Concrete is an excellent choice for driveways as it is strong, durable, and easy to maintain. When professionally installed, a concrete driveway gives you a safe space for your vehicle and improves your curb appeal. Additionally, with care and regular maintenance, it’s a surface you can enjoy for a long time.
However, like any other paving material, concrete slabs wear away and eventually need replacement. This leads to the question, how long does a concrete driveway last? When are repairs sufficient, and when is it time for a complete driveway replacement?
A residential concrete driveway that’s properly installed and cared for can last for up to 30 years. It helps to keep in mind that factors like temperature and environmental conditions can also affect the lifespan of driveways. For example, pavements in colder climate areas typically deteriorate faster. However, they should last around 20 years.
Repairs Vs. Driveway Replacement
In many cases, repairing issues with your driveway may be enough to get it back in good working condition. However, there are also instances where getting a replacement may be the wiser, more practical option despite its high upfront costs.
Here are some factors to consider when deciding between enlisting repairs or having your driveway renewed.
It’s normal for concrete slabs to develop cracks over time. Hiring concrete crack and joint repair services may suffice if you see fractures less than a quarter-inch wide. After filling the gaps or joints, professional contractors also reseal and refinish the entire surface to ensure a seamless appearance.
However, for larger cracks, repairs may only offer a band-aid solution. And even after sealing, these crevices can continue to allow water and moisture to seep in and cause trouble beneath the slab.
If you live in an area with cold temperatures, you want to be extra careful. Water penetrating your concrete can freeze and thaw repeatedly, worsening the situation. If you suspect this is causing the cracks in your driveway, getting a replacement is often recommended.
Rainwater pooling in certain areas of your driveway does more than create slipping hazards. This is an indication of drainage problems and can weaken your driveway and cause more cracks to form.
Installing strip drains and replacing your drainage piping are some ways to address this problem without having to replace the entire paving. Enlisting top-coat sealing and waterproofing services can also give your driveway extra protection against water.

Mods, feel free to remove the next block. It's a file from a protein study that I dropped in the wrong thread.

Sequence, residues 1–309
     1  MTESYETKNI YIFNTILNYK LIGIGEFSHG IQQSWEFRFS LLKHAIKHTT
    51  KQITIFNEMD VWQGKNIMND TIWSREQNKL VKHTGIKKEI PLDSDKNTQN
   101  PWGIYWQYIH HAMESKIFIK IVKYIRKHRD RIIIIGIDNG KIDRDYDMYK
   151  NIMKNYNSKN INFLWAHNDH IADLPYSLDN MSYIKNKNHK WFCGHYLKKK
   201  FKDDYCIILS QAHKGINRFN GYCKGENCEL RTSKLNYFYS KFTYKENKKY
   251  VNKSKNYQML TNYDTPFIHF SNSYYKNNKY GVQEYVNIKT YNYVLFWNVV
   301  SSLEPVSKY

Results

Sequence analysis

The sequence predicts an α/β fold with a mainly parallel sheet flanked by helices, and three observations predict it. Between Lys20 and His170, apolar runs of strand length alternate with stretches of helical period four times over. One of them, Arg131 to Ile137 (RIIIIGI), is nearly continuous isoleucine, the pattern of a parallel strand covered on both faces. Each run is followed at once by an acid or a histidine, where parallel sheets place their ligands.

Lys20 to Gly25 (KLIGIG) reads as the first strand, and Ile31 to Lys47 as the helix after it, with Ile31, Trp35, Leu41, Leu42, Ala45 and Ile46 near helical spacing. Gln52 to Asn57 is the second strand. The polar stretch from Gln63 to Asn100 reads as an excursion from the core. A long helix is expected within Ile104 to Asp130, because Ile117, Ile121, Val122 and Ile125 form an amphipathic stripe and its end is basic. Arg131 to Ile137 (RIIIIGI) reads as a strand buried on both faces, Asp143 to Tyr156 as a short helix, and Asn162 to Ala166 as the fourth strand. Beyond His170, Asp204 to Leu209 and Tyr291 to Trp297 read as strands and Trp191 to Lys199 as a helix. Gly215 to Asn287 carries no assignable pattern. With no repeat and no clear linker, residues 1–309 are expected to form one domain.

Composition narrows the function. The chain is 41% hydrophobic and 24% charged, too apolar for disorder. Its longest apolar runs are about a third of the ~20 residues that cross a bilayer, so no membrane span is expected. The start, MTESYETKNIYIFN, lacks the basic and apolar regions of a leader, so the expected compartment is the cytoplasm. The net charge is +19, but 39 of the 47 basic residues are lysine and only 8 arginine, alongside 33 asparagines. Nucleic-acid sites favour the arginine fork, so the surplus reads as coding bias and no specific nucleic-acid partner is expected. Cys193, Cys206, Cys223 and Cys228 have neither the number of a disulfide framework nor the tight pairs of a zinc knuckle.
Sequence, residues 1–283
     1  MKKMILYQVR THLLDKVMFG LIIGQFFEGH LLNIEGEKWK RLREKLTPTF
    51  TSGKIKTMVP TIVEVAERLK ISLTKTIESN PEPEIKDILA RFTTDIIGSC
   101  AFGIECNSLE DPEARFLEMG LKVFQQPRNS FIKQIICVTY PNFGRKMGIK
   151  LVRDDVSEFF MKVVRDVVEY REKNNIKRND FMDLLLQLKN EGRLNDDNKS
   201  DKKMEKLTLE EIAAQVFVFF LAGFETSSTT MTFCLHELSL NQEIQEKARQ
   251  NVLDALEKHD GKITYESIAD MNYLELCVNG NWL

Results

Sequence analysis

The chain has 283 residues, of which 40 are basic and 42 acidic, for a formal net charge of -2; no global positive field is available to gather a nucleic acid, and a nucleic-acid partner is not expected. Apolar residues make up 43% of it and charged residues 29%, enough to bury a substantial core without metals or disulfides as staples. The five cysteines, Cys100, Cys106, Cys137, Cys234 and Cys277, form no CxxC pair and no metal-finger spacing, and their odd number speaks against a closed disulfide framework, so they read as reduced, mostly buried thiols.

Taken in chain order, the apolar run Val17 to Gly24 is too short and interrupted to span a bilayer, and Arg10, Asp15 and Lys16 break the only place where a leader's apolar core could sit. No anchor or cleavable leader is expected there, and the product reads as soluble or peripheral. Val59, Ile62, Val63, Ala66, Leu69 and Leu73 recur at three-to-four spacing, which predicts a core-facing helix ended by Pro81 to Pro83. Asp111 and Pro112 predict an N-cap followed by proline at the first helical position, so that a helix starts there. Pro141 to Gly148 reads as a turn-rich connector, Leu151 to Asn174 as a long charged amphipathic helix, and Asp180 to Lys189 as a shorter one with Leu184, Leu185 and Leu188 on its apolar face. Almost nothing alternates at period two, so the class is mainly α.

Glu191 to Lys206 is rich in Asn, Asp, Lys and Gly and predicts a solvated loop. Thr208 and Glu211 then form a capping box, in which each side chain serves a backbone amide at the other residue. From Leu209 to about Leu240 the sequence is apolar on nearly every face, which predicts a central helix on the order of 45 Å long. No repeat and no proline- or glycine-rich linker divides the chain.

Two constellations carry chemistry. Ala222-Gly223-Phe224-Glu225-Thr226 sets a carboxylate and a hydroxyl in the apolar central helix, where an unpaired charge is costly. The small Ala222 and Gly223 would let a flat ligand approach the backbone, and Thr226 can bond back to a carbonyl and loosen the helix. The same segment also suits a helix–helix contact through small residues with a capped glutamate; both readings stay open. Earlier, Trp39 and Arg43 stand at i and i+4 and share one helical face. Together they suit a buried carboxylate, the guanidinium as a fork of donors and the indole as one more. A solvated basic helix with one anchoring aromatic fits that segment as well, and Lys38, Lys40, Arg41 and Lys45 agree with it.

On the other hand, a replacement may be due if the water pooling on your driveway has already caused damage. On the bright side, this presents you with the opportunity to improve your drainage system to protect your new surface from recurring drainage problems.
As mentioned above, concrete driveways can last between 20 to 30 years. Repairing can do the trick most of the time, especially during your pavement’s early years.
However, it isn’t the most cost-effective investment to make when your driveway is nearing the end of its lifespan. If you know you’ve had your driveway around for a long while, it’s best to prepare for a replacement.
Signs Your Driveway Needs to be Repaired
Fortunately, keeping your driveway stable and your loved ones safe does not always have to entail costly replacement projects. Actively watching out for these signs and enlisting prompt repairs can help you prolong your driveway’s lifespan.
A depression on your driveway can cause problems like damage to your vehicle’s tires. Still, a single pothole does not require a complete concrete replacement. Enlisting repairs promptly can fix the issue and prevent future damage.
Sloping and uneven surfaces can also appear on your driveway over time. These can create tripping accidents, allow water to penetrate your concrete, and spoil your home’s curb appeal. What’s worse is that these often indicate a problem with the substrate supporting the slabs.
While this problem seems overwhelming, it does not require demolition and installation in most cases. Instead, it can be resolved with concrete leveling, wherein a lifting material is pumped underneath the slabs to bring them back to a normal level.
Seeing interconnected cracks that look like scales on your driveway can make you concerned, but these do not affect the overall strength of your concrete. Moreover, they are typically fixed by short blasting, sealing, and top-coat sealing.
Signs of Wear Within the First Few Years
As we’ve already answered, “How long does a concrete driveway last?” you generally don’t have to worry about a full replacement if your pavement is relatively new. Your driveway will naturally show signs of wear as you use it. If it’s under ten years old, addressing cracking or sinking immediately with professional repairs can do the trick and prolong its life.
Get Answers to Important Questions Straight From the Experts
How long does a concrete driveway last? While driveways generally last anywhere from 20 to 30 years, you can get a better answer by paying attention to your concrete. What is your driveway’s condition telling you? Are the signs you’re noticing pointing to the usual repairs, or are they indications of irreversible wear or damage?
Ultimately, if you are looking for professional advice, the knowledgeable and friendly experts at The Driveway Company are here for you. We’re long-time experts in repairing and renewing concrete surfaces, and we’ll be glad to answer any questions you may have about your driveway. Whether your driveway needs repairs or a replacement, rest assured that we’ll only recommend what you need. Contact us today to get started!